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United States District Court, Northern District of Illinois, Eastern Division

March 21, 2000


The opinion of the court was delivered by: Shadur, Senior District Judge.


Thomas J. Moriarty as Trustee ("Moriarty") has sued two defendants on behalf of the Local Union No. 727 Pension Trust and the Teamsters Local Union No. 727 Health and Welfare Trust (collectively "Funds") pursuant to the Labor Management Relations Act (29 U.S.C. § 185) and the Employee Retirement Income Security Act of 1974 ("ERISA," 29 U.S.C. § 1132 (a)(3)), seeking to recover employer contributions allegedly owed to Funds. Moriarty and defendant Hills Funeral Home, Ltd. ("Hills") have filed cross-motions for summary judgment as to liability pursuant to Fed.R.Civ.P. ("Rule") 56. Moriarty has also filed a Rule 56 motion as to liability on his claims against defendant George Pepper ("Pepper").

In compliance with this District Court's LR 56.1, adopted to implement Rule 56 by facilitating the identification of the presence or absence of genuine issues of material fact, the litigants have filed the factual statements and responses called for by that LR.*fn1 They have also completed the required briefing on the motion and cross-motions. For the reasons set forth in this memorandum opinion and order, both of Moriarty's motions are granted, while Hills' motion is denied.

Summary Judgment Principles

Familiar Rule 56 principles impose on the movant the burden of establishing the lack of a genuine issue of material fact (Celotex Corp. v. Catrett, 477 U.S. 317, 322-23, 106 S.Ct. 2548, 91 L.Ed.2d 265 (1986)). For that purpose this Court must "read[] the record in the light most favorable to the non-moving party," although it "is not required to draw unreasonable inferences from the evidence" (St. Louis N. Joint Venture v. P & L Enters., Inc., 116 F.3d 262, 265 n. 2 (7th Cir. 1997)). Where as in the Moriarty-Hills duel cross-motions for summary judgment are involved, it is necessary to adopt a dual perspective — one that this Court has often described as Janus-like — that sometimes involves the denial of both motions. That has not occurred here, because even from a pro-Hills perspective Moriarty's Rule 56 motion succeeds.


Pepper's Funeral Home Operation

Funds are employee benefit plans that are third-party beneficiaries of collective bargaining agreements ("CBAs") entered into between the Funeral Directors Services Association of Greater Chicago ("Association") and the Auto Livery Chauffeurs, Embalmers, Funeral Directors, Apprentices, Ambulance Drivers and Helpers, Taxicab Drivers, Miscellaneous Garage Employees, Car Washers, Greasers, Polishers and Wash Rack Attendants Union, Local No. 727, I.B.T. ("Union") (Pepper Stmt. ¶¶ 28, 31). Moriarty is a trustee of both Funds (id. ¶ 30).

Association is a multi-employer organization of funeral homes located in the Chicago metropolitan area (id. ¶ 40). Among other things, it negotiates labor agreements for its members and also provides them with a pre-need funeral arrangement trust fund and continuing education programs (id. ¶¶ 43-44). Association communicates with its members through a monthly newsletter (id. ¶ 45) that provides members with a variety of information, including information about labor relations (id. ¶ 46). Approximately 80% of the newsletters contain information about Association's relationship with Union (id. ¶ 50).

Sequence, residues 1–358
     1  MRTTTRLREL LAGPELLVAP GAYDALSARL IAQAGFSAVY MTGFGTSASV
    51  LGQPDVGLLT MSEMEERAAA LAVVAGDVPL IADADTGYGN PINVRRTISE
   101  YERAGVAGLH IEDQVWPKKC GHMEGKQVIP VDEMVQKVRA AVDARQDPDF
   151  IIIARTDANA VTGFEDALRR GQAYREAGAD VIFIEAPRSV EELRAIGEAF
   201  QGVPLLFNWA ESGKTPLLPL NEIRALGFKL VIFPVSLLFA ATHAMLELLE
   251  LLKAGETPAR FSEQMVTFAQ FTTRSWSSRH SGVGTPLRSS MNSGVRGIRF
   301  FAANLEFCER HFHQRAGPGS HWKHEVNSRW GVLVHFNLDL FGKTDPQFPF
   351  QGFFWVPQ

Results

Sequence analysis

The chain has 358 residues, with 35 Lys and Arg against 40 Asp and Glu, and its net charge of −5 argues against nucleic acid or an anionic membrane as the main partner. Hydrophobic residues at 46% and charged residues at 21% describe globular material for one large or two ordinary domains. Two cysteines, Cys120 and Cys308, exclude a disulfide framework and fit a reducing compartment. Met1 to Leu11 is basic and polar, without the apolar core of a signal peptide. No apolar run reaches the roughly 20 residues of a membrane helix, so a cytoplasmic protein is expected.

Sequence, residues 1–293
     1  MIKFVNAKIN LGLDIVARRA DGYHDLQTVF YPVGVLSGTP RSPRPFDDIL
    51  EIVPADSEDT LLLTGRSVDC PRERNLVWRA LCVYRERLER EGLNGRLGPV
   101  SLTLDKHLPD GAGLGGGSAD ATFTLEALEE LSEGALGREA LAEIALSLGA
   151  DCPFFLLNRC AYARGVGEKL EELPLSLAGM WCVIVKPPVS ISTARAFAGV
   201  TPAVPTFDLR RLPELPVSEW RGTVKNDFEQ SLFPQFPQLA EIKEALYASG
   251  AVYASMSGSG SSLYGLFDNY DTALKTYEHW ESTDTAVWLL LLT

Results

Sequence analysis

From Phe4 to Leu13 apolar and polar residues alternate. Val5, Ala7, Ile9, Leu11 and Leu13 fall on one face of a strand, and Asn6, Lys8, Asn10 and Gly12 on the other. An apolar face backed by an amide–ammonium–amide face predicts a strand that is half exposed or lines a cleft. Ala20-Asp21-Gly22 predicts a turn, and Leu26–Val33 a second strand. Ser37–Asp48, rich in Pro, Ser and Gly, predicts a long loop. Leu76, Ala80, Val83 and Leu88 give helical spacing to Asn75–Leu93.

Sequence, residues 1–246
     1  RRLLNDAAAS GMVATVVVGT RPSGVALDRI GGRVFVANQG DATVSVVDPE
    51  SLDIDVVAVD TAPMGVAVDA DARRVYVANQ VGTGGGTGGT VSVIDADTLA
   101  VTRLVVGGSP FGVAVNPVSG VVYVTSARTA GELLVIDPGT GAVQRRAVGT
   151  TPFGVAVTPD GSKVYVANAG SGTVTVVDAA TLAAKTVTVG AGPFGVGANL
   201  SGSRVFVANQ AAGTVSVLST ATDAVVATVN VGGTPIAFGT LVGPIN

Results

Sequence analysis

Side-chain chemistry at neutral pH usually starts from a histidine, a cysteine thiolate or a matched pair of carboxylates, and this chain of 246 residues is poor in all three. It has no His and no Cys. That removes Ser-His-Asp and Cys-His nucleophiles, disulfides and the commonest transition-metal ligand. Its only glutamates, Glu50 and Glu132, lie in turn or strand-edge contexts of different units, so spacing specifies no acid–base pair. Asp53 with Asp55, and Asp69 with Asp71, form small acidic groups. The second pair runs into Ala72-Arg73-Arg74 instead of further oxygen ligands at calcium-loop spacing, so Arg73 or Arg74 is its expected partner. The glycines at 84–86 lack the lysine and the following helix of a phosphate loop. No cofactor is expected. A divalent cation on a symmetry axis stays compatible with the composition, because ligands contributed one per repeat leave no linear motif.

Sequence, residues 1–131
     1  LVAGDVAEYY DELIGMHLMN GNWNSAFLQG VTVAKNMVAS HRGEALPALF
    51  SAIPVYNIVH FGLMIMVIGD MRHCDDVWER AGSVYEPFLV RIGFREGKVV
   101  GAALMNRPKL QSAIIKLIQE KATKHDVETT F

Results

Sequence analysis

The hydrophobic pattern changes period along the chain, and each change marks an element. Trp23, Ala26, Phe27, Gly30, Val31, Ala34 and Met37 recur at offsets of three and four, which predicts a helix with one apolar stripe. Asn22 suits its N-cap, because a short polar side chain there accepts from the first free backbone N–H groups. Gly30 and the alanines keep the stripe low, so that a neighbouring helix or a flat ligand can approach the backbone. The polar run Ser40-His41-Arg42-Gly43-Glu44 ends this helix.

Pepper operated a funeral home business in Palos Hills, Illinois from approximately February 1979 to January 1998 (id. ¶ 32-35). From 1979-82 Pepper operated his business under the name Olympic Hill Chapel (id. ¶ 33). Then from 1982-98 Pepper operated his business as Hills Funeral Home (id. ¶¶ 33-34)*fn2

In December 1978 Moriarty had sent Pepper an application for membership in Association in connection with his contemplated acquisition of the funeral home business (id. ¶ 54). Pepper signed and returned the application, which stated in part (id. ¶¶ 55-56):

[I] agree[], if elected to membership, to abide by and be bound by the provisions of the Constitution, By-Laws, Rules and Regulations of the Association.

One of the then-existing provisions of Association's Constitution (its Art. X, § 2) read (id. ¶ 59):

Labor Negotiations. The Association, through action by the General Executive Board, shall authorize the President to appoint a committee to represent the members of the Association in labor negotiations or any dispute or grievance which may arise from such labor negotiations and to enter into such agreements as a result of the negotiations, subject to the approval of the membership.

In February 1979 Pepper was elected to Association membership (id. ¶ 57).

Association negotiates CBAs with Union through a negotiating committee (id. ¶ 70). Those CBAs require Association members to whom they apply "to contribute to the Funds for work performed by bargaining-unit employees, including amounts per month for each funeral director and embalmer and driver" (id. ¶ 67; Moriarty Stmt. ¶ 67). Association does not require its members to delegate on an individualized basis such authority for Association to bargain or to ratify negotiated contracts — instead, consistently with the Association Constitution, Association's members as a body ratify the contracts at special membership meetings (Pepper Stmt. ¶¶ 74, 77). As an Association member, Pepper was consistently notified of those special membership meetings, but he chose not to attend them (id. ¶¶ 78-80).

After a CBA is approved, Association distributes a copy of the contract to each member with a cover letter that says "[t]he Agreement applies to every member of the Association" (id. ¶ 82). Pepper received copies of the approved CBAs and the cover letters from Association (id. ¶ 83). In addition he received copies of Association's monthly newsletters, but he did not read them (Moriarty Stmt. Ex. O, Pepper Dep. 70).